I have some mantras for you to try at home.  We’ll go over the pronunciation together, and you can practise in private.  Eventually, if you feel brave, we can chant it in class.

The first mantra is for the removal of obstacles in your life and it’s


The thing about mantras is not to get hung up about what they mean.  (This one is an invocation to Lord Ganesh – also called Ganapata. He’s an elephant god.  If you want to remove obstacles, send in an elephant). A mantra is ‘a mystical energy encased in a sound structure.  Its vibrations directly affect the chakras, or energy centers of the body.  It steadies the mind and leads to the stillness of meditation.’[1]

It’s the sound of the language (Sanskrit is exceptionally sonorous) and the effect of the sound on your mind and body.  Sound makes your cells do the boogie-woogie, you learn to control your breathing, and getting your teeth round a Sanskrit mantra 108 times concentrates the mind.

Ah yes … I forgot to mention the 108 times.  108 is a very significant number: I was taught that 1 = Supreme Energy (or God, if you are religious); 0 = completeness and 8 = the sign for infinity.  However, I’ve attached something by Swami J (I recommend Swami J) – so you can see there are all sorts of reasons for 108.  (I should say, it is permissible to build up to 108 in chunks.  27 rising to 54 is usually do-able when you are beginning).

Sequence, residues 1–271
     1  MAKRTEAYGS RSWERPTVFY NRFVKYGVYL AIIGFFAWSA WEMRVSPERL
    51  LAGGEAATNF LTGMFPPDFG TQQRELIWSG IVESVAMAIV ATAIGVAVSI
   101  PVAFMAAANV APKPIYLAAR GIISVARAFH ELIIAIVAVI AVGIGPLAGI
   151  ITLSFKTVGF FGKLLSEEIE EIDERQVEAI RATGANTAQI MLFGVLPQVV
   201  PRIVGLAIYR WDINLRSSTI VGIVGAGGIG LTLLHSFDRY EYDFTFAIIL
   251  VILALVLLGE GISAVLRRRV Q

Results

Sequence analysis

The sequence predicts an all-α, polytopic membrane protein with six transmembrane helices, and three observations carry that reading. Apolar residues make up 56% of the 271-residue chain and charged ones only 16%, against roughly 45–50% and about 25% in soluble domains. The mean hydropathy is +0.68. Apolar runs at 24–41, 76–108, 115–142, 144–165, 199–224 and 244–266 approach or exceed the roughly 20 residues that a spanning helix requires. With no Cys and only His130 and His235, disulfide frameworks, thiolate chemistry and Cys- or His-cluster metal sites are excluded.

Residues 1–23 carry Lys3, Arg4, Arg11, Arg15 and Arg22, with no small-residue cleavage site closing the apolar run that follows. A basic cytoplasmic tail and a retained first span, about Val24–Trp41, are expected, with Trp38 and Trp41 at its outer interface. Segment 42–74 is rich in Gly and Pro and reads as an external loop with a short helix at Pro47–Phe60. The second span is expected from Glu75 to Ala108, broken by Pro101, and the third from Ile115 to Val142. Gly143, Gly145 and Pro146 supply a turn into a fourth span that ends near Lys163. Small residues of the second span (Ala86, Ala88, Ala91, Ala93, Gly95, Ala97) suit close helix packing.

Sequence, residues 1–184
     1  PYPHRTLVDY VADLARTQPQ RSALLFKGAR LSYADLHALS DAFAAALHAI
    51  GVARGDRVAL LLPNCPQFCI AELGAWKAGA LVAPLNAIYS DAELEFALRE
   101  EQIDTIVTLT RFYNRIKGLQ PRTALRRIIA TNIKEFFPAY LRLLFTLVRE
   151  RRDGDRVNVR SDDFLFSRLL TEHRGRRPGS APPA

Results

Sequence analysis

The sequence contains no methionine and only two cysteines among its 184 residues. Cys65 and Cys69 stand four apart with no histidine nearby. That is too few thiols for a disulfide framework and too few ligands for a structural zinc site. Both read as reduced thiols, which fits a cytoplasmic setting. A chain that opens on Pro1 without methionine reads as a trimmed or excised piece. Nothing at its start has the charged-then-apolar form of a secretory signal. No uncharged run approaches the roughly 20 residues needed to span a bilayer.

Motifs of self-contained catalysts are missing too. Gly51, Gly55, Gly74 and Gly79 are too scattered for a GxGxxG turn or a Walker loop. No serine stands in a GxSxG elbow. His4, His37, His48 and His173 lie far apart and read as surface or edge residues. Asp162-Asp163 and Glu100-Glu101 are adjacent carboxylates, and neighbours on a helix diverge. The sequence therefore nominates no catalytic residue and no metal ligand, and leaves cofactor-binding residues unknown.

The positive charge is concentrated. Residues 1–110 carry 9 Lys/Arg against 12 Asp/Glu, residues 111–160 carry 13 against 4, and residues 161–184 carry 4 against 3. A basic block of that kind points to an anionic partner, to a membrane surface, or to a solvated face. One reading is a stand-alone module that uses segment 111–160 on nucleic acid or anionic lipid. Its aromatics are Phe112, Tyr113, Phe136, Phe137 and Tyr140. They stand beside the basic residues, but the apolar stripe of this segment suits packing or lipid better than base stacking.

Lastly, I’m going to give you a link to a YouTube video – nothing happens on it, but it is the wonderful Deva Premal performing this chant 108 times. I sing along with Deva every morning.


There is also the late, but wonderful, Thomas Ashley Farrand (you may have to buy him from Amazon or Sounds True, as I can’t find him on YouTube at the moment).

If it turns out you enjoy chanting, you can invest in a string of Mala beads. There are 108 beads on a string, plus one bead called Mount Meru.  You count your chants with the beads, and when you reach Mount Meru, you turn the beads round and go the other way.

Here’s the link to Swami J explaining the reasons for 108 Mala beads.


Chant and be happy. xxx

[1] Meditation and Mantras, by  Swami Vishnu-Devananda

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Mind mapping for lesson planning

I’ve just started using this technique to work on lesson plans.  I find it really helpful, although they can grow out of control!  Here’s one I did for a class on the the theme ‘Yoga from the Heart’.

Mind map

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Some thoughts on getting old and travelling by bus

I am 61 now, and so I get free travel on the buses in Swansea where I live.  I still have to work though, but instead of getting stressed out in the car, I get on the bus.

I have a lot of audio books by Jack Kornfield – and he recommends practicing the Loving Kindness meditation (the Metta), on planes and boats and trains etc.  So that’s what I’ve started to do. I do the loving kindness meditation for me (you should always start with yourself), everyone who gets on the bus, the bus driver and extend it outwards until it’s a loving kindness meditation for anyone who happens to be on a bus – wherever they are in the world.

To be honest with you, until I started doing this, I had never really had much experience of positive energy (although I have always believed it existed), but believe me – by the time I get off the bus, I am much nicer than I was when I got on.

I’m sure you all know the Metta – there are lots of variations – but I use these two (I’m giving you the ‘ I ‘ version, because you should always start with yourself.  But then you can extend it to whomsoever you choose, like ‘man on the bus/lady on the bus’:-

May I be filled with loving kindness.

May I be free from suffering.

May I be at peace.

May I be happy.